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3 Reasons to Skip the OJ This Morning

OJ, or no J?

It seems like orange juice and breakfast go hand in hand. Nearly every TV commercial trying to sell us a box of cereal or frozen waffles features a tall, chilled glass of OJ as a prop to perpetuate the "part of a nutritious breakfast" shtick. Diners practically assume you'll be chugging a glass of the stuff along with your farmer's omelet and turkey bacon, and moms (and pops) since the dawn of time have been pouring their kids an ice cold OJ as soon as they were weaned off the bottle.

But is all this OJ necessary? Is it really as good for us as advertisers and vendors claim it to be? Sure, OJ is undeniably refreshing, supplies a decent dose of Vitamin C, and is a tasty beverage, but there are some not-so-good elements to this fruity drink that will have you asking, "OJ, or no J?"

1. Too Much Sugar

We all know we need to consume fruits and veggies every day, but a glass of OJ is super high in sugar – 27 grams, and 34 grams of carbs per 12-ounce glass, as per Business Insider. Down a package of M&Ms and you'll be ingesting just about the same carb count. And you'll never hear oatmeal commercials suggesting that candy be part of a nutritious breakfast. Another comparison as per Popsugar shows that a glass of OJ has the same amount of calories as a can of Coca-Cola. Coke is a nice pick-me-up, but not really the breakfast drink of champions.

If you really crave that orange flavor in the AM, opt for a whole orange rather than a glass of the juice. You'll save calories plus get the added fiber found in the fruit itself. You'll feel fuller, longer, and get all the goodness of oranges that may be stripped away as the OJ went through processing, concentration, and bottling.

2. High Acidity

That easy-to-identify tartness and tempting tang found in each sip of OJ is due to its acidity. While high acidity is tolerable for some people, over time it can cause damage to the teeth, according to Healthsomeness. OJ can wear away the teeth's protective enamel, leading to nasty tooth decay over the years.

As per Science Daily, a study found that OJ was worse for teeth than whitening agents. "Orange juice markedly decreased hardness and increased roughness of tooth enamel." And the slower you sip, the more damage can be done. "People who sip their drinks slowly over 20 minutes are more likely to have tooth erosion than those who finish a drink quickly." So, if you do choose to stay on the juice, at least chug it.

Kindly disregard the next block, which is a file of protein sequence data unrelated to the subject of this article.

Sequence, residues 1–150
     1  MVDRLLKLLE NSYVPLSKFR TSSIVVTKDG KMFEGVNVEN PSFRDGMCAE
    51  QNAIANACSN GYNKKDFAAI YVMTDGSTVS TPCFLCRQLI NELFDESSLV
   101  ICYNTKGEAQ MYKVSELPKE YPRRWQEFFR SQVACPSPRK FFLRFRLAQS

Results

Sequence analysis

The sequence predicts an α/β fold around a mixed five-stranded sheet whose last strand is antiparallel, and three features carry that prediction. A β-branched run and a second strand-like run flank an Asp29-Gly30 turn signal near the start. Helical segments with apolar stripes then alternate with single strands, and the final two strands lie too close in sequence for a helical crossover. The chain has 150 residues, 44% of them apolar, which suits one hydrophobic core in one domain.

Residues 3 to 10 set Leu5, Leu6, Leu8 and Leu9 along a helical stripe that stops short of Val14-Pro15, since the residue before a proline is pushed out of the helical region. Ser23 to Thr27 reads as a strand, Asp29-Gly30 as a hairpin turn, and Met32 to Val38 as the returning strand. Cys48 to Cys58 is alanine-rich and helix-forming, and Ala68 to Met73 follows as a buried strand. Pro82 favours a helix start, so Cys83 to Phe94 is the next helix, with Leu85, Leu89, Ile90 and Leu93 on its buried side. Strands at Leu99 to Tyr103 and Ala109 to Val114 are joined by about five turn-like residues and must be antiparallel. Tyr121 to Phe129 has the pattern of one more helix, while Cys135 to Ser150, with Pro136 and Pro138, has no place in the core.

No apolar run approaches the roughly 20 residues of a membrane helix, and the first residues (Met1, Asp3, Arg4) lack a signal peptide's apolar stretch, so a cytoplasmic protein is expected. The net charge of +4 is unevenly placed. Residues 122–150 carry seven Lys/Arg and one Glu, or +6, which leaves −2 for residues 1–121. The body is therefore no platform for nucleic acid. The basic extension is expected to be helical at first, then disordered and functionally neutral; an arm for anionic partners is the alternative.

3. Melanoma Risk

Need another reason to forgo the fruit juice? As per a study published in the Journal of Clinical Oncology, as reported by Medical News Today, "People who consumed high amounts of whole grapefruit or orange juice were over a third more likely to develop melanoma, compared with those who consumed low amounts." Melanoma is a form of skin cancer that occurs when the pigment-producing cells (melanocytes) mutate and become cancerous.

The study found that consuming citrus fruits more than 1.6 times per day was linked to a 36% higher melanoma risk. "Orange juice was associated with greater melanoma risk, which the researchers say is most likely because consumption of this product was much higher than consumption of other citrus products."

According to Healthsomeness, "This is thought to be because of psoralens, compounds that are found in citrus fruits. They can make your skin more sensitive to light exposure."

Of course, always wear sunscreen, but limit OJ consumption to be on the safer side of cancer.

OK, so OJ is certainly not the devil's brew, but keep these factors in mind when you choose your morning beverage. Moderation is always the key, so a glass now and then is perfectly OK. Any questions? Ask your doctor if drinking OJ is a smart choice for you.

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